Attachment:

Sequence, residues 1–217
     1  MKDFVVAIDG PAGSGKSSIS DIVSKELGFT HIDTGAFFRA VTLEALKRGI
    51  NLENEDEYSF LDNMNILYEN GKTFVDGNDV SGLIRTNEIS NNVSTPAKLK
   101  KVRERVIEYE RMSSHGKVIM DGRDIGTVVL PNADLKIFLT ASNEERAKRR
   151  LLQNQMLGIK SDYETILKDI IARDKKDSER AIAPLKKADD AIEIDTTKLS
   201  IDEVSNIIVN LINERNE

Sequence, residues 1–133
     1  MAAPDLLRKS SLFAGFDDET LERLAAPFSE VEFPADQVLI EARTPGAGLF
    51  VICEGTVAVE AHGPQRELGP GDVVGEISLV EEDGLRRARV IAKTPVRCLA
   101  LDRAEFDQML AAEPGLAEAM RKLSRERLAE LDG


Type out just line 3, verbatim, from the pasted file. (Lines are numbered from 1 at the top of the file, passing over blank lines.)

    51  NLENEDEYSF LDNMNILYEN GKTFVDGNDV SGLIRTNEIS NNVSTPAKLK